If you're that worried about the reproduction of your ripped CDs then by all means check out lossless encoders, see the Lossless Wiki article for more information:
http://wiki.hydrogenaudio.org/index.php?title=Lossless


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greynol
post Sep 9 2011, 21:04
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I don't think we even need to be giving any credibility to the notion that Lame is affecting bass response. The only way it's going to happen is by doing something out of the ordinary like including the --highpass switch or misusing the settings on a graphical front end. Seeing that files are being created with only -V0, this is obviously not the case.

This post has been edited by greynol: Sep 9 2011, 21:05


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mjb2006
post Sep 9 2011, 21:09
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To answer the questions, no, there's no setting you need to change, and yes, it could be your imagination.

The ABX test is the way to find out if it's your imagination, and the results may surprise you. Objectively there isn't less bass (MP3 is basically lossless for bass), but there's quite likely a less of the highest high end, and the frequencies in the middle have certainly been mucked with a bit, ostensibly in ways that most listeners with most music on flatly EQ'd playback equipment is not supposed to notice. But if, with your music and hardware, you do hear a difference between the original and the MP3 in an ABX test, and you're finding it to be unpleasant, then I would say try a different form of compression like AAC and see how it fares for you. Or just avoid lossy compression altogether and go with lossless, like FLAC (which will require about 3X more space than -V0 MP3s). Then you know any differences you here are figments of your imagination. smile.gif
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Andavari
post Sep 9 2011, 21:15
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@ greynol
Yeah there's no reason to feed the notion as it's so absurd!

With some of the encodes I've seen over the years and even gotten from Amazon.com who knows what "Some Anonymous GUI Program" is doing.


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LANjackal
post Sep 9 2011, 23:39
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QUOTE (Coles226 @ Sep 8 2011, 19:05) *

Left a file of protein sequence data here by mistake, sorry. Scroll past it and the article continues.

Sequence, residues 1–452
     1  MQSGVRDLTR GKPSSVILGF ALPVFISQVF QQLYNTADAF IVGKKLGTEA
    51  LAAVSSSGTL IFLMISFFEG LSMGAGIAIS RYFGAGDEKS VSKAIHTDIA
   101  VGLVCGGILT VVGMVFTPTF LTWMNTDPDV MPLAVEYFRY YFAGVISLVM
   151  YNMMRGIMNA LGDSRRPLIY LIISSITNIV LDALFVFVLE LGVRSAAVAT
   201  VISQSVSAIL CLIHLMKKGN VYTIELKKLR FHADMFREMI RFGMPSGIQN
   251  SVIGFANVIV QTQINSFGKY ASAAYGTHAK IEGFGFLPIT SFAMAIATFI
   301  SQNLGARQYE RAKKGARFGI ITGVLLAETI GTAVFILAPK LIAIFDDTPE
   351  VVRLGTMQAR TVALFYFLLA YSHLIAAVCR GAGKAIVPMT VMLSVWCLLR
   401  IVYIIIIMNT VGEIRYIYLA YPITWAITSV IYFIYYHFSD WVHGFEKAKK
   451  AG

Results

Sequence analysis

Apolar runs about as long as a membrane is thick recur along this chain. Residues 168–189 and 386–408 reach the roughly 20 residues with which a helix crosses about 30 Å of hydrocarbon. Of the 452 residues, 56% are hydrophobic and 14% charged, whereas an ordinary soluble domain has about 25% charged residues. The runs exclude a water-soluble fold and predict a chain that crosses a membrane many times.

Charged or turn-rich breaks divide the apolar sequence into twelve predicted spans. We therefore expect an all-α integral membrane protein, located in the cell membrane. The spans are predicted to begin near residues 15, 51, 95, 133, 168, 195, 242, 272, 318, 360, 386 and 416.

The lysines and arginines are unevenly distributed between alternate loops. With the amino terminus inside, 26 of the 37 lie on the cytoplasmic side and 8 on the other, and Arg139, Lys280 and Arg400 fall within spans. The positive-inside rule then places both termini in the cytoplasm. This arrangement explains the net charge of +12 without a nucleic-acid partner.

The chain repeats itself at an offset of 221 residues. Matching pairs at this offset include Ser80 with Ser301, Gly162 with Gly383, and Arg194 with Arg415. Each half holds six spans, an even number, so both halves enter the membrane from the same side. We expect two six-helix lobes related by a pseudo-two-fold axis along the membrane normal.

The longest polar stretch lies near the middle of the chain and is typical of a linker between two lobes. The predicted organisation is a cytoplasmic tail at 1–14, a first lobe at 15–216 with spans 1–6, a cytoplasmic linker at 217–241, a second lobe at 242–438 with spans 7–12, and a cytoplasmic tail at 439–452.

It seems like MP3s I download from Amazon typically have a punchier bass to them (I listen to alot of hip hop) compared to my own CD rips. The sound is great otherwise, but I seem to notice a lack of bass.
The codec isn't at fault, the mastering is probably just different in both cases. Thanks to the well documented Loudness War, the bass in many ~2002+ century rap masterings is very emphasized compared to that in earlier ones. It could be that your CDs are from earlier masterings, while the Amazon downloads are from more recent ones.

I've had a couple cases myself in which I thought something had gone wrong with the encoder, only to find that the CD itself sounds exactly the same. I'm sure if you try ABXing your CD vs. your ripped MP3s you'll be unable to tell the difference between them.

EDIT: Huge rap fan here myself

This post has been edited by LANjackal: Sep 9 2011, 23:39


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Coles226
post Sep 10 2011, 00:46
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Thank you to everyone for giving excellent insight. I was pretty sure that this notion was wrong, but I wanted to ask the experts to put this to bed for myself.

I will give the blind test a shot, I should have done this already. I am really not familiar with the compression command line stuff and often see people with huge lines that makes me think "what if I have something jacked up in my line." So if my simple -V0 line is fine, and I would have to do some other crazy stuff to mess with sound/bass qualities, I will accept that I am doing things right for my MP3s.
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Mark7
post Sep 10 2011, 09:39
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Yeah, just -V0 is perfectly fine. Also keep in mind that the bass frequencies are the easiest to encode, it's the high frequencies that are hardest to encode and take most bits.

This post has been edited by Mark7: Sep 10 2011, 09:39